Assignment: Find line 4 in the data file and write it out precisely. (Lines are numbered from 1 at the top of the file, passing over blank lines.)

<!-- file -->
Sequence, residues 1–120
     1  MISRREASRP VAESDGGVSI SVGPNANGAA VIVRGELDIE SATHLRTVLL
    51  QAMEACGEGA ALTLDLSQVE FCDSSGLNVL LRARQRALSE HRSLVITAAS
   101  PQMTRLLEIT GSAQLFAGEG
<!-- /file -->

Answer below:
   101  PQMTRLLEIT GSAQLFAGEG